Tuesday, October 16, 2012

Hanging out with the cool kids at the EcoCAR booth

If you read Jin Xu's post earlier this week, you are already up to speed on the EcoCAR 2 competition established by General Motors and the U.S. Department of Energy. If you didn't read it, here's the skinny: To drive home with first prize, university teams must reduce the environmental impact of a 2013 Chevy Malibu without compromising performance, safety, or consumer acceptability. If that sounds hard, it is. Which explains why, out of 150 university teams that applied to compete, only 15 made the grade.

Today, at SAE Convergence, I was lucky enough to meet two of the talented young people participating in this competition: Ahmed Uddin from Wayne State University and Andrew Palmer from Ohio State University. Ahmed and Andrew had just finished delivering remarks at the EcoCAR booth when they stopped to chat with me about their projects.

The EcoCAR 2 Chevy Malibu
The Wayne State team dub themselves the Hybrid Warriors, and they are modifying the Malibu with a parallel-through-the-road PHEV. In a nutshell, the modified Malibu has two power trains, with an electric motor in back and a 2.4L engine in front. By taking this parallel approach, the team has actually upped performance, even though they replaced the stock engine with a power plant that cranks out less power, takes up less room, and puts out fewer emissions. Before these modifications, the car went from 0 to 60 in 9.5 seconds; now it takes only 8.9 seconds.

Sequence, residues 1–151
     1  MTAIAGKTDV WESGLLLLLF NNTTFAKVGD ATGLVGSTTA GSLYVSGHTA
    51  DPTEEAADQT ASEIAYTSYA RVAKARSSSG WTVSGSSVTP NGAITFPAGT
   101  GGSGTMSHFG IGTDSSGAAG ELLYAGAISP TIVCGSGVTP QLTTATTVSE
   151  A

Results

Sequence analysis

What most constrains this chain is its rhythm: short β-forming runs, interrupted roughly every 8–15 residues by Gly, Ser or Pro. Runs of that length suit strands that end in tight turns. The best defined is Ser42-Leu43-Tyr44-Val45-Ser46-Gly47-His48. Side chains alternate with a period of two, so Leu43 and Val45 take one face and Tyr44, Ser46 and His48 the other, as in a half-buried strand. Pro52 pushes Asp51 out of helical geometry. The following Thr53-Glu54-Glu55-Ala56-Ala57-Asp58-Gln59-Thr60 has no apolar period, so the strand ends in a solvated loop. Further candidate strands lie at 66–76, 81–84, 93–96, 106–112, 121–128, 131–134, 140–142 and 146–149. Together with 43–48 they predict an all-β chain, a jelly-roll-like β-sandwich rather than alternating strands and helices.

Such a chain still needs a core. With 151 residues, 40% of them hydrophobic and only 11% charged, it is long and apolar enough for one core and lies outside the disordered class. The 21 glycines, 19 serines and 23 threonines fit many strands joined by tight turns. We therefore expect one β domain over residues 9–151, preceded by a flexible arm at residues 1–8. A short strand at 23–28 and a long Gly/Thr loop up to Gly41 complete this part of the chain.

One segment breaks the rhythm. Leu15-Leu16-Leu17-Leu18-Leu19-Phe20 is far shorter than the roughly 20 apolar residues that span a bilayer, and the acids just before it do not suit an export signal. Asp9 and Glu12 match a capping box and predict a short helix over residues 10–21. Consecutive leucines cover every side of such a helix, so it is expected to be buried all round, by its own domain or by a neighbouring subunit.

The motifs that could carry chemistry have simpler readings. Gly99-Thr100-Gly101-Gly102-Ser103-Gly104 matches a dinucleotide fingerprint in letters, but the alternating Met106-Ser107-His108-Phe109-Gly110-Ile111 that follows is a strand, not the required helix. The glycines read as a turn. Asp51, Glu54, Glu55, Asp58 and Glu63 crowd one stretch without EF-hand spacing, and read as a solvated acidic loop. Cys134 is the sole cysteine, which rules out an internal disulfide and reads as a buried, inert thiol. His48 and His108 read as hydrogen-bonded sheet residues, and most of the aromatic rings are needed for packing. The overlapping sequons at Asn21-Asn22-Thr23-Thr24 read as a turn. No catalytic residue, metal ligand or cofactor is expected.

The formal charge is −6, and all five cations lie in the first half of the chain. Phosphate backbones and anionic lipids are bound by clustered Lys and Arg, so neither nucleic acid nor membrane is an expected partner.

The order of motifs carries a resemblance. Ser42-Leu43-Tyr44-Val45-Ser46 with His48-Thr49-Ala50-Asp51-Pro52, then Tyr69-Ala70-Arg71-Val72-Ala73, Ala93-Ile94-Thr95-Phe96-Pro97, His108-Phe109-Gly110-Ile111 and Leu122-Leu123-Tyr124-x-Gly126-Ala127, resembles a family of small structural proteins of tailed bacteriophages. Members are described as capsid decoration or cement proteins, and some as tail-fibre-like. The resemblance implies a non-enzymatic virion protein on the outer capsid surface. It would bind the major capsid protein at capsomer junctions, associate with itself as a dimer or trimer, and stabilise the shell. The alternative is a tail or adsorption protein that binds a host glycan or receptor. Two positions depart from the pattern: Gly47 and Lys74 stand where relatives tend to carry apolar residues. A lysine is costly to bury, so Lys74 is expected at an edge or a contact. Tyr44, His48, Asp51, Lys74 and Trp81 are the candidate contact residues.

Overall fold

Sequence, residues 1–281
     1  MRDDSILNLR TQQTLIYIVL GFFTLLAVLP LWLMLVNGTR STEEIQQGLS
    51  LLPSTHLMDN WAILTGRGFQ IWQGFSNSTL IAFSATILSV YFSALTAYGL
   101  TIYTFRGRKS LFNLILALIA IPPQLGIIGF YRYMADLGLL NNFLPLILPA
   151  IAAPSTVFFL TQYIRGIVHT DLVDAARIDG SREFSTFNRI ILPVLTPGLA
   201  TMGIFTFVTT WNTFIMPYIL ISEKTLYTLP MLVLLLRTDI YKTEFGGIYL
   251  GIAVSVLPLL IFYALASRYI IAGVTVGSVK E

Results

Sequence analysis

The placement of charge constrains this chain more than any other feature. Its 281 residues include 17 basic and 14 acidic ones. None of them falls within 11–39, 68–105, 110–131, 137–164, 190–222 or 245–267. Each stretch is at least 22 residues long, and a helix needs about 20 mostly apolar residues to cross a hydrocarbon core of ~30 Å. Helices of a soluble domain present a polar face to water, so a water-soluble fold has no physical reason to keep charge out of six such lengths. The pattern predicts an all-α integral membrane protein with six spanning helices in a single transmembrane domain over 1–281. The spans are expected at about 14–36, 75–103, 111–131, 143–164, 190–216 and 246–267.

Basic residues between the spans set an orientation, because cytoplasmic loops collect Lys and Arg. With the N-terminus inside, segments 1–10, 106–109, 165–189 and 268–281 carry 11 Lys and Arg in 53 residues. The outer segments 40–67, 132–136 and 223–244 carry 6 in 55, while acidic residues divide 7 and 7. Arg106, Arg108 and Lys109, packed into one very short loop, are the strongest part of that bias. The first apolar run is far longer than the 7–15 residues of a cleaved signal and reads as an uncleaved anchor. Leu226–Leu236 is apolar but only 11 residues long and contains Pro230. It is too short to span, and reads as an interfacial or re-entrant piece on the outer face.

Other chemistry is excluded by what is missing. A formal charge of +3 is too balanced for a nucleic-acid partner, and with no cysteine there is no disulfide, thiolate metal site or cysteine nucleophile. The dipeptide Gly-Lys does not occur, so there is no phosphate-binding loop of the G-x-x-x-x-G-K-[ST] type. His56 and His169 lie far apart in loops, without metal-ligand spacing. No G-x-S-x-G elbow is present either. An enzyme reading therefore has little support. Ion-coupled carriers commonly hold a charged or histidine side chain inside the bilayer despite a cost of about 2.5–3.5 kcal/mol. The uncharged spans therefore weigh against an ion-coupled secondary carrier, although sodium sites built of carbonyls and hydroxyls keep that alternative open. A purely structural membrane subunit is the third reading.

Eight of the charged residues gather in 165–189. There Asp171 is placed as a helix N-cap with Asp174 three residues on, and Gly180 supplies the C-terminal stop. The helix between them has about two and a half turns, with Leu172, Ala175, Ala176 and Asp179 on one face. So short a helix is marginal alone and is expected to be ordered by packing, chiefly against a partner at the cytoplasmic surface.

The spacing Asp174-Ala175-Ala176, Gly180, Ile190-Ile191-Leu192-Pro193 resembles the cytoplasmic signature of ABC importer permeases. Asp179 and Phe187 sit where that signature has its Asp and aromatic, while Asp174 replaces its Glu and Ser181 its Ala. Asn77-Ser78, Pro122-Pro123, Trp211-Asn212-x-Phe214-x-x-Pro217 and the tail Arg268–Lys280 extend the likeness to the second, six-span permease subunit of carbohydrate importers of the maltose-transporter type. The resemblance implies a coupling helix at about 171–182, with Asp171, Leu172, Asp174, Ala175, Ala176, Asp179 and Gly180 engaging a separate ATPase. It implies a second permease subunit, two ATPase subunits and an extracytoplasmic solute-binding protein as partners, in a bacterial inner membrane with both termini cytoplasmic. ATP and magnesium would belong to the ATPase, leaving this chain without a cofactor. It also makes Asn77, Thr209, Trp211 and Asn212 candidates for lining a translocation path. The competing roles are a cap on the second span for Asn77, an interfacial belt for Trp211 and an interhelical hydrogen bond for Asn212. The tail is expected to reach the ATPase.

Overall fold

Meanwhile, the Ohio State team has opted for a series-parallel PHEV that uses an electric motor for the rear axle and a 1.8 L engine for the front. The systems can operate in charge-depleting, charge-sustaining series, and charge-sustaining parallel modes. Personally, I was fascinated by Andrew Palmer's description of the team's infotainment system (redesigning the center stack is an optional component of the EcoCAR 2 competition) and how they aim to make phone connectivity more seamless.

Cooler yet, the team is working on augmented reality, using a BlackBerry PlayBook. Picture this: You hold a PlayBook over the engine of your car, and the screen overlays a transparent view of the engine. The possibilities for this kind of functionality are enormous, and I invite you to check out two blog posts (here and here) from another Andrew — QNX's Andrew Poliak — for examples of how augmented reality could pimp your next ride.

Before you go, remember to follow @QNX_Auto on Twitter, where I will continue to tweet out reports from SAE Convergence.

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